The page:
- Take steps to keep your stress levels down. If you need to, see a therapist for counseling and a psychiatrist for medication.
- Bathe in lukewarm water. Be sure to use lukewarm water instead of hot. Take no more than one bath or shower per day.
- Use a mild soap. Use soap or cleanser that is unscented.
- Avoid scratching. Scratching at your dermatitis irritates it. You could break the skin, risking infection.
Your healthcare provider may prescribe one or more of the following medications:
Is There A Difference Between Eczema And Dermatitis
Although the terms dermatitis and eczema may overlap in how theyre used, specific types of skin conditions are better known by just one of the names. For example, many doctors use the terms atopic dermatitis and eczema interchangeably but wouldnt use the term contact dermatitis in place of eczema.
There are also a number of distinct types of eczema and dermatitis, and, to complicate matters, its possible to have more than one type at the same time.
While both eczema and dermatitis typically cause redness and itching, some types also cause blistering and peeling.
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How Can I Prevent Or Reduce My Risk Of Dermatitis
Do your best to avoid what triggers your dermatitis. That might be foods youre sensitive or allergic to, chemicals that irritate your skin and/or soaps that do the same. Moisturize your skin regularly. Dont overheat. Use a humidifier to keep the air from getting too dry. Try not to scratch. Reduce your stress.
What Is Atopic Dermatitis And Is It Different From Eczema
Dr. David Hauswirth answers the question: ‘Atopic Dermatitis Versus Eczema?’
— Question: What is atopic dermatitis and is it different from eczema?
Answer: Atopic dermatitis is a very common skin disease found in both adults and children. In fact, up to 10 to 20 percent of the population at some point suffers from atopic dermatitis.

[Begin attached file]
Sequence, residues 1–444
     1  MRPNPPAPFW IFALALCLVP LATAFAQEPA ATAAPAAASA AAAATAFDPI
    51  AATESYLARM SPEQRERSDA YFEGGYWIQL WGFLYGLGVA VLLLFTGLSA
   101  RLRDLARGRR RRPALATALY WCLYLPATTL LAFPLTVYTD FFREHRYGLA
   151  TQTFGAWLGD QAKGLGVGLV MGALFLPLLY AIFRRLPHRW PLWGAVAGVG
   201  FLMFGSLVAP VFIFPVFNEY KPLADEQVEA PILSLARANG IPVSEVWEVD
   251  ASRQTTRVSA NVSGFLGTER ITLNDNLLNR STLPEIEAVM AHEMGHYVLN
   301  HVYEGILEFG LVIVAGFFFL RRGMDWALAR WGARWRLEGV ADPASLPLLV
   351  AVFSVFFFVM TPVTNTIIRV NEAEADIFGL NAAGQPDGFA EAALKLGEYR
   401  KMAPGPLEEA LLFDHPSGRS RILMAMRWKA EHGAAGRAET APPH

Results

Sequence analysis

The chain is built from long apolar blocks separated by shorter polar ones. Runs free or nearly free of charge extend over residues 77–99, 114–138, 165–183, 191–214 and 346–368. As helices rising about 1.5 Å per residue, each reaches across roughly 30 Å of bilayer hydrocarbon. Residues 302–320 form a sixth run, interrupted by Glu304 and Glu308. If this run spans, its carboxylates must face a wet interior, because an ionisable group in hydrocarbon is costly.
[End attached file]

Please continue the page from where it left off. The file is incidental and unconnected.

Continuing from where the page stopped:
Atopic dermatitis is often used interchangeably with the term ‘eczema.’ Technically eczema is slightly different and is a more general term, but many physicians and patients will refer to atopic dermatitis and eczema as the same thing.
Eczema and atopic dermatitis are skin diseases where you have rough, red, dry, itchy skin. These diseases are not contagious. They are caused by a variety of factors. Genetics or allergic families tend to have more problems with eczema.
Other factors can be allergens, things that come into contact with your body such as pollens and dust. Also foods in small infants and children — up to one-third of eczema is caused by food allergies.
Furthermore, things that irritate your skin can cause symptoms. And finally, there’s been in some research that has show that the bacteria on your skin produce chemicals or byproducts that can cause an allergic reaction and lead to symptoms of eczema or atopic dermatitis.
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So How Would You Explain Dermatitis
First of it, if youâre looking for an answer to what is dermatitis, think of it as a medical term to describe extremely dry, itchy skin.
Although itâs important to point out that not all dry skin is dermatitis. There are times when we can all expect our skin to show signs of lacking moisture. This applies whether we suffer from eczema or not. For example, cold weather, harsh chemicals and excessive hand washing can all cause dry skin.